The average ad yield grew 11% over the previous year attributed evenly through higher prices, customer mix, and increased depth adoption.

In Asia, Seek said volumes grew across all markets despite some ongoing Covid-linked lockdowns. The average ad yield fell 1% compared to FY 2021 on the back of advertisers purchasing larger packages resulting in higher volume-based discounts.

Seek CEO Ian Narev was upbeat about the performance in the June year:

“In all our Asia Pacific markets, ongoing economic recovery drove high demand for labour, which in turn led to strong job ad volumes and increased depth adoption. Our markets continue to be highly competitive.

“However, SEEK maintained its market leadership positions, with stable placement metrics throughout Asia Pacific. Increased investment in Asia led to improved candidate metrics.”

But when it came to 2022-23, Seek went all coy – revenue in the range of $1.25 billion to $1.30 billion ($1.16 billion in 2021-22), EBITDA in the range of $560 million to $590 million ($509 million) and net profit after tax in a range from $250 million to $270 million ($245.5 million, so not a big improvement).

CEO Narev explained why Seek had set what look like modest goals for the new financial year.

“Economic and labour market conditions across our key markets remain positive, although some leading indicators look slightly weaker. Our revenue guidance for FY23 assumes a continuation of largely positive conditions.

“We have assumed a low risk of job market volatility from monetary policy, geopolitical change and the pandemic. If this assumption changes, revenue could fall below guidance.

“Our guidance also assumes a continuation of the accelerated investment from FY22, in particular the Platform Unification program. Spend for the project will peak in FY23 as we ensure that our systems are sufficiently flexible, resilient and scalable to drive future growth,“ He added.

When you look at the small rise in the final dividend and the modest guidance for the year to June 30, 2023, it’s a hint that the company is worried about the year ahead, so it’s no wonder investors got a bit nervous and took some profits.

Seek shares are down more than 30% year to date, which is odd because the company has grown earnings, lifted dividend and ridden the hot jobs market without falling off.

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Global logistics and warehouse giant Goodman Group (ASX:GMG) has forecast another year of growth in annual operating earnings as it again bets that industrial property will thrive even if economies slow in the face of rising inflation and interest rates.

Goodman said in its 2021-22 results release in Tuesday that it is looking for an 11% rise in operating earnings this financial year (or earnings per security of 93 cents, up from 81.3 cents a share in the year to June 30).

But shareholders will have to put up with no growth in its distribution which will remain steady at 30 Australian cents a security to help fund its growing development workbook.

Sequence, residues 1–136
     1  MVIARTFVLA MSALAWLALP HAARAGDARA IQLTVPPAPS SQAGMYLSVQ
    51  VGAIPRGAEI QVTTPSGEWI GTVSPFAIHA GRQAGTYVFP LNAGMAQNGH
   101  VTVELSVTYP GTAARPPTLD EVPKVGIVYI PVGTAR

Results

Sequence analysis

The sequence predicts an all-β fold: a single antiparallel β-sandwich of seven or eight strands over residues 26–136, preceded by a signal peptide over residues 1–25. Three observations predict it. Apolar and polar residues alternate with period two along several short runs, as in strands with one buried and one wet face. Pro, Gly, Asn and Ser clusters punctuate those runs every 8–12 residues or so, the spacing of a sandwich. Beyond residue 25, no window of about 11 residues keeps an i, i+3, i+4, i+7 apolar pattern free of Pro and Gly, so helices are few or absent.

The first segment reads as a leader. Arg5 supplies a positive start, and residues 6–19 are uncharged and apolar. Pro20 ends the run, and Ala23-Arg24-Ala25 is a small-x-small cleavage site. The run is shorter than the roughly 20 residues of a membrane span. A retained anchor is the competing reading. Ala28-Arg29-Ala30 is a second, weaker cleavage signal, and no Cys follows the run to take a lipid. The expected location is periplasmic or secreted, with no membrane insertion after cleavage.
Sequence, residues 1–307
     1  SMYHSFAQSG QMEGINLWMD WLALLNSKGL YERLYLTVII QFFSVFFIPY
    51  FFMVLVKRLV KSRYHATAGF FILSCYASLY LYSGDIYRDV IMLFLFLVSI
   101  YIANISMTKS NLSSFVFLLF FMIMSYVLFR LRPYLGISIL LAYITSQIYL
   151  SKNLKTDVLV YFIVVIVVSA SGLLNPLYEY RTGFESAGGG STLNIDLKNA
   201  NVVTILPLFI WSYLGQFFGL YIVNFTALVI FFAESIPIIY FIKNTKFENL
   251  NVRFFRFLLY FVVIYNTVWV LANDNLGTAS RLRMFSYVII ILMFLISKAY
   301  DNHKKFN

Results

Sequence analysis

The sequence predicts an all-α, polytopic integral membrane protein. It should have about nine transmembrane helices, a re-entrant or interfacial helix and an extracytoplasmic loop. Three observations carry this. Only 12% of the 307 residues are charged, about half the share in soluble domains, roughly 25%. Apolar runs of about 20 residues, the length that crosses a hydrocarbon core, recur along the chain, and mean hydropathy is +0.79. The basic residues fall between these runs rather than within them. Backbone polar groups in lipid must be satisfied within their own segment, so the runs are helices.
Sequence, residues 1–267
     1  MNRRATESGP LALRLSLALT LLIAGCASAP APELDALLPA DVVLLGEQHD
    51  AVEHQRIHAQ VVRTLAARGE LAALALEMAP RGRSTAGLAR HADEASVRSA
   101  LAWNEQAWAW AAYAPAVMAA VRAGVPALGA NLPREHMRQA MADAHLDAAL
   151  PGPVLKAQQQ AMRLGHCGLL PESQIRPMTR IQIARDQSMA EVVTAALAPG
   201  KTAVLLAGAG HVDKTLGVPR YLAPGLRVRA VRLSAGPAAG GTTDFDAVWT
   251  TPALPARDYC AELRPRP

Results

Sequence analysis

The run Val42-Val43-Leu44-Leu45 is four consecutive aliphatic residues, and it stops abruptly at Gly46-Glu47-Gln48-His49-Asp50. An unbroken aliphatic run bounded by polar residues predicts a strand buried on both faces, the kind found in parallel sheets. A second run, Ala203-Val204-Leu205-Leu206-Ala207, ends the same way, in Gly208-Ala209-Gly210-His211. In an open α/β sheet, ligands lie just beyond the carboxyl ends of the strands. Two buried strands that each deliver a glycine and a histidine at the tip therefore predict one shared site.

That’s perhaps why the shares eased 0.4% to $20.55 at Tuesday’s close.

“Demand is currently exceeding supply in our markets, supporting our development-led growth strategy and producing well-located assets for the group and our partnerships,” CEO Greg Goodman said in the results release.

“Our production rate, depth of customer demand and strong margins are supporting the outlook for development earnings into fiscal 2023.”

Goodman has ridden (as have other property groups such as GPT, Mirvac and Stockland) the continuing strong demand for industrial property for warehouses, distribution and sorting (fulfilment) centres from the likes of Amazon, retailers, wholesalers and online start ups.

Even though the end of lockdowns and the return of shoppers to bricks and mortar outlets and offices, the strong demand for logistics facilities at all levels looks like continuing. Those facilities with a strong green tinge appear to be in high demand.

Goodman’s strong outlook for 2023 followed a 48% rise in 2021-22 earnings to $3.41 billion including revaluations. Operating profit rose 25% to $1.528 billion.

Annual operating earnings per security of 81.3 cents beat guidance provided in May for 23% growth which in turn was up from the modest 10% improvement forecast with the 2020-21 results announcement a year ago.

Property investment earnings increased 20% to $494.6 million. This was underpinned by low supply in the company’s markets, continued strong occupancy at 98.7%, revaluation gains of $8.5 billion, development completions and growth in market rents, Goodman said on Tuesday.

Goodman said its property was 98.7% occupied at the end of June, with like-for-like net property income growth of 3.9% over the past year. Total assets under management rose 26% to $73.0 billion.

“By focusing our portfolio and A$13.6 billion development workbook on key infill locations, we have seen accelerating market rental growth, significant valuation uplift and subsequent outperformance of our partnerships,” Mr. Goodman said.